The number 11 is for me very unlucky one. Now I see it. First my parents were killed on the 11 and now this. I felt numb. I felt terrible for Max and he felt terrible for me. We cried and cried. Max even brought another doctor to see what went wrong, and the doctor screamed that in my condition I should not have babies. When we asked if something can be done against the first doctor he said no. They always stick together and we did not have the money or the sophistication to take him to court. After I returned home my health deteriorated completely; mentally and physically. I could not even concentrate on reading, I was depressed all the time and I was so weak that I could not walk across the room, do housework, or even dust. When I looked outside on a sunny day I saw darkness. This scared me very much.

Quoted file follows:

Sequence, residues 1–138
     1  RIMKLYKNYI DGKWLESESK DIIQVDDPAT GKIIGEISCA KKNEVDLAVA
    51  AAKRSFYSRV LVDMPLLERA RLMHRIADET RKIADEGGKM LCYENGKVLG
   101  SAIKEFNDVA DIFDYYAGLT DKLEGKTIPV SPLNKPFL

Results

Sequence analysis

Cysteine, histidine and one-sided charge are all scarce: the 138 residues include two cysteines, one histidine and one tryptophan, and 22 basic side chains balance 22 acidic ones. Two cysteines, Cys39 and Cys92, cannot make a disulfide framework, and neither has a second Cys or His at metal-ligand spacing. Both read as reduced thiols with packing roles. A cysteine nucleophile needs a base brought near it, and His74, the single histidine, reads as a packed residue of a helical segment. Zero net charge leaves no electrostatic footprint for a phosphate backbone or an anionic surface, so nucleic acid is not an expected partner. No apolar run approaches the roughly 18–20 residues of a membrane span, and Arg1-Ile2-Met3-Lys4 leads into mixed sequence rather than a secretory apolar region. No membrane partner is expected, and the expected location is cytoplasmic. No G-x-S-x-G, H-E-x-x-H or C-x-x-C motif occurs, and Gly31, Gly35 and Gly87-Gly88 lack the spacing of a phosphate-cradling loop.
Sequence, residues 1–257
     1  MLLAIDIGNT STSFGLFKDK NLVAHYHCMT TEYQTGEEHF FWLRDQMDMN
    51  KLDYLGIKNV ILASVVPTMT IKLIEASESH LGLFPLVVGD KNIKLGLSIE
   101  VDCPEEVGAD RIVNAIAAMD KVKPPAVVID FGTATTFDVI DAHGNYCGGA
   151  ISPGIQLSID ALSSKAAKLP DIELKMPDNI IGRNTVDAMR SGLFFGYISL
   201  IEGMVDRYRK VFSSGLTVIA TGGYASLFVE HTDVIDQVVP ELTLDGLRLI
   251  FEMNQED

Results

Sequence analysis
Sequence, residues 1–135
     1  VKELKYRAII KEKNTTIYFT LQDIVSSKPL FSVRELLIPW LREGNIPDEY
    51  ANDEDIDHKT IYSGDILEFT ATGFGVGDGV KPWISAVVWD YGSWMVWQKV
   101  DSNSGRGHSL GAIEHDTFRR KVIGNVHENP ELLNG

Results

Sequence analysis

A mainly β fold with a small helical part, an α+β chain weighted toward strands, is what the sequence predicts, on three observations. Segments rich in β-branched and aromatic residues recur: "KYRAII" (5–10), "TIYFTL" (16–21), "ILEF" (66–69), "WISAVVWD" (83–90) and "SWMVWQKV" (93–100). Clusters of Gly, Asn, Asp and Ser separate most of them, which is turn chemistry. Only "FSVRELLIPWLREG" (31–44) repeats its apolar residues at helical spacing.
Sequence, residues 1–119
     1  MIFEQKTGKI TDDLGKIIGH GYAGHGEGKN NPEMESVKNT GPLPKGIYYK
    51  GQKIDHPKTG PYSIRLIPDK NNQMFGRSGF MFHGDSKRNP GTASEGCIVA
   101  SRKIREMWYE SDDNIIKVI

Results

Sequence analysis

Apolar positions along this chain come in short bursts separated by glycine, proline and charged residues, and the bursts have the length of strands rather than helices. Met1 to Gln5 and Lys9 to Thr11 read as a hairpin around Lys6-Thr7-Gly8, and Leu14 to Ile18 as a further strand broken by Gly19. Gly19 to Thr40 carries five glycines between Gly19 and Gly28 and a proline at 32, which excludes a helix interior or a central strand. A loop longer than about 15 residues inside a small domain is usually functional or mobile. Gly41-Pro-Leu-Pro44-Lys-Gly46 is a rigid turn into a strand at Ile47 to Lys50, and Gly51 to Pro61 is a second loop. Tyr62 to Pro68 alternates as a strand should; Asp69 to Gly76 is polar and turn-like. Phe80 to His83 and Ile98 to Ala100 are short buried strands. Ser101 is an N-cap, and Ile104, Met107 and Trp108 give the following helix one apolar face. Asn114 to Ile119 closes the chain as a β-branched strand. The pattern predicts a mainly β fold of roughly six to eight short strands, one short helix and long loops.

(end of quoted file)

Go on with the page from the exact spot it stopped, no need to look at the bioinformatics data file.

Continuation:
At that time we moved to another house near town and another family lived in the same house. When I told my neighbor about the darkness she insisted that I go and see another doctor. Even though I had enough of doctors in the past 2 years, I went which shows how lucky I really am. This doctor just looked at me and before I could tell him the whole story he said that he wants me in the hospital right away. Max was at work but I left a message with the neighbors and I went back to the doctor and waited for Max. We did not have telephones then. At the hospital they started all kinds of tests for 2 weeks. Even a very painful bone marrow test. They gave me blood and told me that they will find out what was wrong with me. A patient told me that when they come for the same test twice, this means that they found out what was wrong. Sure enough that is how it went. They checked my bowl twice  and they took barium and x-rays twice and the doctor told me  that I have a bleeding wound on my colon and I am losing blood  in my stool every time I go to the bathroom. They had to operate at once. Also they told me how lucky I was that I came now, because in a month or so, I would be dead.